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Order in eCourt: Madison College opens mock-trial facility to local professionals

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Madison College paralegal students now have a chance to hone their skills in a three-room eCourt complex that provides a real-world courtroom setting to help them prepare for their new careers.

The complex includes a courtroom that doubles as a classroom, an adjacent jury deliberation room, and an office/library. When classes are not scheduled, local professionals are welcome to rent the rooms for mock trials, focus groups, or interview training.

“This keeps up with our philosophy of trying to make things as real-world as possible,” notes Bill Bedker, an attorney and a full-time instructor in Madison College’s paralegal program, which currently has about 90 students. “But it also allows us to branch out from our traditional course offerings into continuing education for attorneys or other professionals needing to practice in a courtroom setting.”

Attorneys with million-dollar cases on the line, for example, could rent the suite and its state-of-the-art audio and visual technology to work out any kinks in their case strategy and even listen in on a mock jury deliberation afterwards to see how effectively they laid out their case.

Madison College's new eCourt allows students and local professionals to conduct mock trials, focus groups, and interview training.

Planning for the eCourt took about two years and included walk-throughs at the Dane County Courthouse and input from Circuit Court Judge Nicholas McNamara. And while the paralegal program is currently the most frequent user of the space, Bedker envisions the suite as a useful practice tool for other Madison College programs as well, such as court reporting and criminal justice. Transcription professionals, EMTs, interpreters, and medical professionals could benefit too, since they are often asked to appear in court.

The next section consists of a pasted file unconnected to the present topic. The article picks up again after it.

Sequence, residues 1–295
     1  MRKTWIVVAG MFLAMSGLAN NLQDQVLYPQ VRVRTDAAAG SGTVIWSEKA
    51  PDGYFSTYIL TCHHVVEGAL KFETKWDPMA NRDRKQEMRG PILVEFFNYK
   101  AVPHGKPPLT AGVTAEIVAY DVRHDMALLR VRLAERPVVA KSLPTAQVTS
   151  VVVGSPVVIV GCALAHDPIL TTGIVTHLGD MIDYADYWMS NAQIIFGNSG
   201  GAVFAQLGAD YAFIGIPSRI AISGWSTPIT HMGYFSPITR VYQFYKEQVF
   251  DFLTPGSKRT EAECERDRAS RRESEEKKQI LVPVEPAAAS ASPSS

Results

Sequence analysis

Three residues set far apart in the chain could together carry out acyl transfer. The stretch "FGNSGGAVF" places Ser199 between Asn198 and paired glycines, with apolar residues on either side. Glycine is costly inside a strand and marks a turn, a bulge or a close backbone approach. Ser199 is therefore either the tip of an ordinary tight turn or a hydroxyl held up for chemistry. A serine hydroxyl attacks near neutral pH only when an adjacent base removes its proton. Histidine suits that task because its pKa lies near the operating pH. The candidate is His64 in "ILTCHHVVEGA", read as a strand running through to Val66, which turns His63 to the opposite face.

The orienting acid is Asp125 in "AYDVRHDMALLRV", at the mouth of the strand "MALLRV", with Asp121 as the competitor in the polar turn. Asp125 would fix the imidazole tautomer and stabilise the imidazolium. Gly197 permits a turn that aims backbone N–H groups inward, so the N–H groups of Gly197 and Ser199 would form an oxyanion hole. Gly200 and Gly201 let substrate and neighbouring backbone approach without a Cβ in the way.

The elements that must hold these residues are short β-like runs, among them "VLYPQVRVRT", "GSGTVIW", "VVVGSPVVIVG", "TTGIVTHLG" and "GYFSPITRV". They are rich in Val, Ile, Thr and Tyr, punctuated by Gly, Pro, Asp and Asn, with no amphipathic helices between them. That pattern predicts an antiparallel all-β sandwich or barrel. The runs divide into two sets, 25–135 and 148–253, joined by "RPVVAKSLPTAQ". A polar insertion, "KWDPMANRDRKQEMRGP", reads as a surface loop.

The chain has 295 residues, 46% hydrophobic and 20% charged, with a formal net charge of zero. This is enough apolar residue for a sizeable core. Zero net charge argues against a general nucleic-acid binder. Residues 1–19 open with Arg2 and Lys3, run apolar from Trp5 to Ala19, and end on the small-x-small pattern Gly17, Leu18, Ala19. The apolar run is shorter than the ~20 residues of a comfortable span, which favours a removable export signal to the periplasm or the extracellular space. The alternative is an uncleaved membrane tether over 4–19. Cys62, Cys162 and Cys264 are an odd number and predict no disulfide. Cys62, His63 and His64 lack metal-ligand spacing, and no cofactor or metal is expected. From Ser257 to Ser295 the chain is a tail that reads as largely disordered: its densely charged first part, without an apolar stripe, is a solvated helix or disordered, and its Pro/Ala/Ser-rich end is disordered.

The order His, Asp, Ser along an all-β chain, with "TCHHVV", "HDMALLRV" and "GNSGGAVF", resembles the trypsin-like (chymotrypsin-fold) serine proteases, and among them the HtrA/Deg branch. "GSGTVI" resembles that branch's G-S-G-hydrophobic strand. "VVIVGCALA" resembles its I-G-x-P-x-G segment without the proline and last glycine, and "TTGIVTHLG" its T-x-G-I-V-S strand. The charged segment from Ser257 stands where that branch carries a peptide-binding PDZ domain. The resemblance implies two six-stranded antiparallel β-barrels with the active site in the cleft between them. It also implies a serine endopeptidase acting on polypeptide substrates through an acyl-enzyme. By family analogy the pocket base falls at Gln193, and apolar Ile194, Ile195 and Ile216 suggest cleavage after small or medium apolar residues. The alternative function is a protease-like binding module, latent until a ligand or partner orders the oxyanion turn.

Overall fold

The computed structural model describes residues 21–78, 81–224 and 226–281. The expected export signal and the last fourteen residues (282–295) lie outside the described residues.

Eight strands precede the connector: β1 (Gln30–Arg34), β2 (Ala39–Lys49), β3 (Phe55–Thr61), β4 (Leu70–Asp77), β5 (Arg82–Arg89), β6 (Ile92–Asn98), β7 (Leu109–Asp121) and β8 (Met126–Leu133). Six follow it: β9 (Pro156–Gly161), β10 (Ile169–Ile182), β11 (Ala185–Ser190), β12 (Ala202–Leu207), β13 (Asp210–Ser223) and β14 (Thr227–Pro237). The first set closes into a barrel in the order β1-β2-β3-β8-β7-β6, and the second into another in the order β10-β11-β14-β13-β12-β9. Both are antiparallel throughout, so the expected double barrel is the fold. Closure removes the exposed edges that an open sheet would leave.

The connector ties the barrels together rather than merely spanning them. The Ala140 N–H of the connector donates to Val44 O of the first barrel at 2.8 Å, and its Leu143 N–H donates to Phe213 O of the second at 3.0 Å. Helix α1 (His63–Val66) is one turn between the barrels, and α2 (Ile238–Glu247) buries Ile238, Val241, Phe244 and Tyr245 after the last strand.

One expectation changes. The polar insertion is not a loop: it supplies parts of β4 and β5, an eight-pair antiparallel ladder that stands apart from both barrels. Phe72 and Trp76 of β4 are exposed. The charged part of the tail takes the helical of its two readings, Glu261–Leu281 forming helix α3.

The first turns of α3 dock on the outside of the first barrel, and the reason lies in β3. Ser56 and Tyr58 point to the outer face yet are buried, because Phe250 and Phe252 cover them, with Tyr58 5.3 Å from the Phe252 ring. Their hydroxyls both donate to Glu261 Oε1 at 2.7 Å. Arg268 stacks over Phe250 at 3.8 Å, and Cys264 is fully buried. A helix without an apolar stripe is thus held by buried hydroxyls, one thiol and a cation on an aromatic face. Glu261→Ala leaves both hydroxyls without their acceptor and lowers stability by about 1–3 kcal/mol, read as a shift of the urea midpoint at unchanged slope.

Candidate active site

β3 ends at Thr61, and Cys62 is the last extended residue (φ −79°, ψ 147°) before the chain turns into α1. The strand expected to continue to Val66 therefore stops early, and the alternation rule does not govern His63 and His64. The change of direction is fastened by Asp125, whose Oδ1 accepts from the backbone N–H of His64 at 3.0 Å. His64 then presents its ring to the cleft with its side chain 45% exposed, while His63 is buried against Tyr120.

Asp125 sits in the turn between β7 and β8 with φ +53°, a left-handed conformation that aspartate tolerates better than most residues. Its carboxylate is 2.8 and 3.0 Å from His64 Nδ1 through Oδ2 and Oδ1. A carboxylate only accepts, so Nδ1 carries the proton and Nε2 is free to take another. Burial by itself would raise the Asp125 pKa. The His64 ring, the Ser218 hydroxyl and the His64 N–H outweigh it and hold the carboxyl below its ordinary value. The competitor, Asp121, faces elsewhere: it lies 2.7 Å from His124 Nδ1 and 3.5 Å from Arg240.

Bedker says that prior to the unveiling of the eCourt — which features state-of-the-art technology, including Skype — he would just arrange chairs and desks around a traditional classroom and ask students to visualize where the judge would sit and where the jury would be. The eCourt makes that learning atmosphere more real and hopefully less intimidating.

Shari Porte, a post-baccalaureate paralegal student and freelance writer living in Madison, was one of the first students to experience the eCourt this past summer as part of a paralegalism and ethics course. “We held a mock DWI trial in the e-courtroom,” she says. With Bedker and another instructor role-playing as judges, Porte chose the role of prosecuting attorney, addressing and selecting the jury. “It helped lock in the learning,” she noted. “The technology gave us a sense of what it might feel like to participate in a real trial.”

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